This Day in History

Jan. 31, 1938: Emma Tenayuca Leads Pecan Sheller Strike

Time Periods: Prosperity, Depression, & World War II: 1920 - 1944
Themes: Labor, Latino, Women's History

Emma Tenayuca standing inside jail, June, 1937, San Antonio, Texas.

On Jan. 31, 1938, 12,000 pecan shellers, mostly Mexican American women, marched out of the factories in San Antonio to demand better working conditions and higher wages. They unanimously elected Emma Tenayuca as their strike leader.

Tenayuca explained in an oral history interview,

What started out as a movement for organization for equal wages turned into a mass movement against starvation, for civil rights, for a minimum wage law, and it changed the character of West Side San Antonio.

Historians regard this as the first successful large-scale act in the Mexican-American struggle for civil rights and justice.

Background on Tenayuca

Emma Tenayuca Portrait | Zinn Education Project

Portrait by Robert Shetterly, available as a poster for $20. Click for more information.

Emma Tenayuca was born in born in San Antonio, Texas in 1916. Through her work as an educator, speaker, and labor organizer, she became known as “La Pasionaria.” From 1934-48, she supported almost every strike in the city, writing leaflets, visiting homes of strikers, and joining them on picket lines. Her first knowledge of the plight of workers came from visits to the “Plaza del Zacate” where socialists and anarchists came to speak.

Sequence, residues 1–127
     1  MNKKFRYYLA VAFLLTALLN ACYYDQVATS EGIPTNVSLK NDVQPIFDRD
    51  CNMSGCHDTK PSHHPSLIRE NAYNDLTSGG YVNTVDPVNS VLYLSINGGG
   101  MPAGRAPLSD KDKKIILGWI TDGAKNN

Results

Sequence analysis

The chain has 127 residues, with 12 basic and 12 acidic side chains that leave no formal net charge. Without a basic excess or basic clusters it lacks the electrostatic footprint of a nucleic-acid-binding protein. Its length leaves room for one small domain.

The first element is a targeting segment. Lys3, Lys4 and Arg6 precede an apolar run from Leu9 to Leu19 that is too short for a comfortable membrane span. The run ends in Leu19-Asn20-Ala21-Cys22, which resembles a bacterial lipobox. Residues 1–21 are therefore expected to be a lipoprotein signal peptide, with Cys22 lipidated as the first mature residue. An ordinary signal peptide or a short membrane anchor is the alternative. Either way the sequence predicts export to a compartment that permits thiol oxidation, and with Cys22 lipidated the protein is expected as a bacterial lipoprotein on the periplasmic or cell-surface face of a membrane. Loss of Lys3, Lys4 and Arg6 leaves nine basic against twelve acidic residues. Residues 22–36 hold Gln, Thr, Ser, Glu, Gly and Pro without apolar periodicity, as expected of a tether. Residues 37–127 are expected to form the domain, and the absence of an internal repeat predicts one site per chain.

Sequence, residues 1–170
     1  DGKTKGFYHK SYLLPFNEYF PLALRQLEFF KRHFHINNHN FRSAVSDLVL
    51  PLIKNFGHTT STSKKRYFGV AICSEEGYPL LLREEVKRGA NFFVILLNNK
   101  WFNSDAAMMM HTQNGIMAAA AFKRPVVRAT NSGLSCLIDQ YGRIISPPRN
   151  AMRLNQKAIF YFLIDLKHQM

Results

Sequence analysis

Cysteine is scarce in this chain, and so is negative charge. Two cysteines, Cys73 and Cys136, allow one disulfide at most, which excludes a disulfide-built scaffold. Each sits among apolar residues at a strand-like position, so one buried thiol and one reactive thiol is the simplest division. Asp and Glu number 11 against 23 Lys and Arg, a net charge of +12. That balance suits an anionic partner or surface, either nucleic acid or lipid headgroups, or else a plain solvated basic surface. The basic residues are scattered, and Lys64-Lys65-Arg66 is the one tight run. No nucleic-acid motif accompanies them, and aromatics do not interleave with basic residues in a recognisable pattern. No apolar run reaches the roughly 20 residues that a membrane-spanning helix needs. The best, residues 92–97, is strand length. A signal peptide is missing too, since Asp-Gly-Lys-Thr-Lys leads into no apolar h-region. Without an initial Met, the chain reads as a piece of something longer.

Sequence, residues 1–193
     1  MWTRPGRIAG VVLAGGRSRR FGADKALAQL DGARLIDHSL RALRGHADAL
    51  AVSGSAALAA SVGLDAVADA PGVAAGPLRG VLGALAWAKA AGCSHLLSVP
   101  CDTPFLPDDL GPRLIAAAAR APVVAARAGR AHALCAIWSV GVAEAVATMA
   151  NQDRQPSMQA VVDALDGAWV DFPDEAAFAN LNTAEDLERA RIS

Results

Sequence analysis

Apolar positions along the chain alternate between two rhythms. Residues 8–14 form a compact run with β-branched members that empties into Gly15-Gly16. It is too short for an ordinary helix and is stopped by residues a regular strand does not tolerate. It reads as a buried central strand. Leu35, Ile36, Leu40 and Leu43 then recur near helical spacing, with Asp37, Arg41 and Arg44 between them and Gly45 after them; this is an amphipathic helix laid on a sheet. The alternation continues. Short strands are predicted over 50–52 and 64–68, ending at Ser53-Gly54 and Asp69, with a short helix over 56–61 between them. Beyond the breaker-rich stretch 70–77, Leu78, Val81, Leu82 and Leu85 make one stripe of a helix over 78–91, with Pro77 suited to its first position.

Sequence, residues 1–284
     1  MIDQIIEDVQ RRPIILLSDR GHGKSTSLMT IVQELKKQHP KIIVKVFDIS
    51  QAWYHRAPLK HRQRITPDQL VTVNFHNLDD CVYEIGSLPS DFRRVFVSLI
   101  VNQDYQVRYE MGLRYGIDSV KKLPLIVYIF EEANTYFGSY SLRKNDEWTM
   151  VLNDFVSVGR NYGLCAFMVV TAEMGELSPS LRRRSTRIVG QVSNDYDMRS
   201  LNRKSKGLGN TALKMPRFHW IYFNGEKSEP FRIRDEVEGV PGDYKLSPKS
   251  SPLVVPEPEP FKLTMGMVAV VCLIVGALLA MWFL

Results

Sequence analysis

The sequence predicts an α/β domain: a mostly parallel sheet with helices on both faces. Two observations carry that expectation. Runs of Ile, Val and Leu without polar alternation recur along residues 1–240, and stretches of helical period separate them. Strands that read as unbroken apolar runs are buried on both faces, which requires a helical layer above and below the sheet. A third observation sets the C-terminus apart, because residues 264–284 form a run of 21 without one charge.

Contact with fired workers led her to join the Communist Party in 1937 and the Workers Alliance (WA) in 1936, an organization of the unemployed founded by Socialists and Communists, 90 percent of whom were pecan shellers and agricultural workers. The WA held demonstrations for jobs, not relief, and demanded that Mexican workers had the right to strike without fear of deportation, and to a minimum wage and hour law.

As a result of anti-Mexican, anti-Communist, and anti-union hysteria, she was forced to leave Texas to ensure her own safety and well being. She returned to San Antonio years later to work as a teacher.

At her funeral in 1999, Chicana writer Carmen Tafolla described the importance of Tenayuca’s legacy: 

La Pasionaria, we called her, because she was our passion, because she was our heart –– defendiendo a los pobres, speaking out at a time when neither Mexicans nor women were expected to speak at all.

Learn more about Emma Tenayuca’s life and legacy in the children’s book That’s Not Fair! Emma Tenayuca’s Struggle For Justice/¡No es justo! La lucha de Emma Tenayuca por la justicia.